2. Some universities are not expanding but are trying desperately to cut costs. Again, the student union is an easy target for this – particularly services considered ‘non-essential’ like bars, gig venues, and society and activity space.

3. Students’ unions can provide commercial services for cheaper through NUSSL. Universities increasingly run their own commercial services which compete with the students’ union, but without this cost advantage. Senior managers may struggle to understand or why the University should encourage or allow competing commercial ventures.

4. University management may think that university-run services are necessarily better than those run by the students’ union. This completely ignores the important benefits that SU-run services provide: generating turnover for the union, creating goodwill towards the union, providing a safe democratically-run space, pushing the campaigns and messages of the union.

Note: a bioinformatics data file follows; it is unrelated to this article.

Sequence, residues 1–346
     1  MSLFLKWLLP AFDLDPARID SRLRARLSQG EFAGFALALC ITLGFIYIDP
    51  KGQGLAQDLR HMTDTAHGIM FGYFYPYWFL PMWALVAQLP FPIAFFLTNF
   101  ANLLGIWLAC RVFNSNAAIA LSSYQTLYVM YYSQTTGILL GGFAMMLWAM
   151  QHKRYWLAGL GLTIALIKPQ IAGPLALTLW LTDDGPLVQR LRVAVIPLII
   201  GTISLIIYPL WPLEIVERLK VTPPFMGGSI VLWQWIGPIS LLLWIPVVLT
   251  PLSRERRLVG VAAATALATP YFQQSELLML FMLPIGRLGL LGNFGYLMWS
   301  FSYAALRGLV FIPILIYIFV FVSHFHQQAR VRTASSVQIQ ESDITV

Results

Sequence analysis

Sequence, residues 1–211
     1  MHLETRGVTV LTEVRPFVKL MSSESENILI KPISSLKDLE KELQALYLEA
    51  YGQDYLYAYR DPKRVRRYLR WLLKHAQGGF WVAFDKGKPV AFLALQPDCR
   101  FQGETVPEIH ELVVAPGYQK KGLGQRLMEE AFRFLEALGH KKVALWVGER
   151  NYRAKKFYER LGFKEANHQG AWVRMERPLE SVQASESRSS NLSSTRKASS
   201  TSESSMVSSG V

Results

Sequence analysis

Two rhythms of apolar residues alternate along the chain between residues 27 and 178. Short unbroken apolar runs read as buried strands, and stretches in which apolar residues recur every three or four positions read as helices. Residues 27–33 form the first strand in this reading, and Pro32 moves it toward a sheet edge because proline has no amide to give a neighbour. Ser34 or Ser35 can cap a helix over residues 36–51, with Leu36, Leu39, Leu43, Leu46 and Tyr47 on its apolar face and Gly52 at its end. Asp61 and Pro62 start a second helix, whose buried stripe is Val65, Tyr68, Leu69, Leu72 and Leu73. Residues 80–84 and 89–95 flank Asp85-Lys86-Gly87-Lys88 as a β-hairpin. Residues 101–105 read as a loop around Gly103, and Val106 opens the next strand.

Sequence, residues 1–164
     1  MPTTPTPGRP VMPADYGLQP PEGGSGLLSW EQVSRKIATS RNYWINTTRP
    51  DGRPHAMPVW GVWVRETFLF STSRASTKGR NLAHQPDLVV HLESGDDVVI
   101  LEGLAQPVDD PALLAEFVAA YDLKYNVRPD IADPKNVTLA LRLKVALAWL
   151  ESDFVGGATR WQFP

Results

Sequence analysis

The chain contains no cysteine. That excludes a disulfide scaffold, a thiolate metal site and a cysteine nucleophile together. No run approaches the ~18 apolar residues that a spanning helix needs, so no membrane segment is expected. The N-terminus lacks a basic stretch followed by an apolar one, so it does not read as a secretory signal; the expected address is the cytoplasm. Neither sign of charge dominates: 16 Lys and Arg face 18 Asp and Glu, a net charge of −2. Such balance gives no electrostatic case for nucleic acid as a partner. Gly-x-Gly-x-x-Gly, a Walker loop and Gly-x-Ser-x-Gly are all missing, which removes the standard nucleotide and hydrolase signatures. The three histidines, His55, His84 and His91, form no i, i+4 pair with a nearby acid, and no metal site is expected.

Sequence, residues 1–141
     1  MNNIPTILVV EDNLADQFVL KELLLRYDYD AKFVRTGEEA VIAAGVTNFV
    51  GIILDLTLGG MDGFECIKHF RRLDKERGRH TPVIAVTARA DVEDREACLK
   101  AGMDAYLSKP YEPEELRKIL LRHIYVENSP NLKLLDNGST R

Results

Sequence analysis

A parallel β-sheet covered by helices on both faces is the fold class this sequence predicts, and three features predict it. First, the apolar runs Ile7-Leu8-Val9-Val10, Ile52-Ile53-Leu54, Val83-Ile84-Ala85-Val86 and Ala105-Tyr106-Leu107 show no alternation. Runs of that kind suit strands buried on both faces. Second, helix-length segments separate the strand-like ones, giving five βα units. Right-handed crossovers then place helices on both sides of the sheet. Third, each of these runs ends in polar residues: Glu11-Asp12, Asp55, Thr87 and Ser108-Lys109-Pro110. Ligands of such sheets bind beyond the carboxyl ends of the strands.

Across the board the marketization of education poses risks to students’ unions. Principals and Vice-Chancellors are increasingly coming from the private sector where the principles of student unionism are not so well understood or valued. Private providers coming into the higher education sector are creating weaker shallow unions with no commercial services, little autonomy and far poorer funding. Marketisation Moreover, a marketised higher education system lleads to considerations of cost and price over value: the undermining of students’ ability to decide on their own Union’s affairs could be a green light to other Universities – in your college or in your university – that want to either reduce spending on the SU, regain control of services or take back buildings.